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Is the Door Shut on Many Claims Over Silicone Implants?


Advocates of the 1992 ban on silicone breast implants were incensed, again. "It's a war of the spin control artists on both sides of the issue arguing about what the studies show," Diana Zuckerman, PhD, was reported as saying. "Many of the studies have been funded by Dow or by plastic surgeons, and so, not surprisingly, they are designed in a way that tends to show there are no problems. ... I couldn't say, based on what we know so far, whether or not breast implants cause systemic disease." Zuckerman is executive director of the National Center for Policy Research for Women and Families.

Not surprisingly, the primary silicone implant manufacturer, Dow Corning, was pleased with the IOM findings. At a press conference attended by Dow Corning research and legal staff, host Barbara Carmichael, vice-president and chief information officer for Dow Corning, said, "The IOM study provides additional, solid evidence that breast implants do not cause disease." Dow no longer manufactures silicone breast implants.

As for the FDA, the IOM report "hasn't qualitatively changed our understanding of the problem," David Feigal, director of the FDA's Center for Devices and Radiological Health said at the time.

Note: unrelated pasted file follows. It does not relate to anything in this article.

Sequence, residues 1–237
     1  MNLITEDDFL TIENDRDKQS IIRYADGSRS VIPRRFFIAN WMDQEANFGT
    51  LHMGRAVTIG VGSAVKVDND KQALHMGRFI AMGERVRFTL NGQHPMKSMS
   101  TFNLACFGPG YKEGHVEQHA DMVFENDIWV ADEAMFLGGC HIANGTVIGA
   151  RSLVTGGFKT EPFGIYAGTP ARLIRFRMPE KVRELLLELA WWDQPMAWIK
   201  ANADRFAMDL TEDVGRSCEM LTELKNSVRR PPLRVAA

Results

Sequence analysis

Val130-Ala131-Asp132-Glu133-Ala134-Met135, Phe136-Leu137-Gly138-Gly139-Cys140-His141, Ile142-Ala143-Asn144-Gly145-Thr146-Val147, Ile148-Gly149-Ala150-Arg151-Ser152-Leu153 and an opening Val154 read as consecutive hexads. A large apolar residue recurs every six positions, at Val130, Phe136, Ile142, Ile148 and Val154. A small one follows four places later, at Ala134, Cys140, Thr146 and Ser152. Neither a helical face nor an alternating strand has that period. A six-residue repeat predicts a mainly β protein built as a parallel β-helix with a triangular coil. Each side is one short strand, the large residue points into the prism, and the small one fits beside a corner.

Gary Solomon, MD, who treats women with silicone breast implants suffering from connective tissue disease, spoke with WebMD about this issue prior to the release of the IOM data. "I firmly believe implants cause some -- but not all -- women to be ill," says Solomon, who is with the Hospital for Joint Diseases Orthopedic Institute and New York University School of Medicine. "I think that the research that's been done to date hasn't adequately addressed the issue of safety. ... Studies that have been done by the Mayo Clinic, Harvard Medical School, [etc.] have been well-designed, well thought-out studies, but ... they were looking for classic connective tissue disease, which is not the disease people are reporting in women with implants. ... They don't address the issue of whether there is an atypical disease present."

According to a press release issued by the IOM, however, the committee took into account the possibility that silicone breast implant patients are suffering from a nonspecific or atypical connective tissue disease. The researchers found no link between the implants and a "unique disease syndrome."

Angell, a longtime critic of the FDA, lay media, and legal response to unfounded claims of the danger of silicone breast implants, has a strong reaction to the argument that the studies conducted to date are not appropriate. "[The IOM report is] one of a series of authoritative, unbiased reports to look at this matter," Angell tells WebMD. "The British Department of Health did, the AMA did, the American College of Rheumatology, [and] Judge Pointer's national science panel. They all have said the same thing. But this is a very prestigious body. The report was thorough, comprehensive, authoritative. I think it ought to finally lay the matter to rest [scientifically]."

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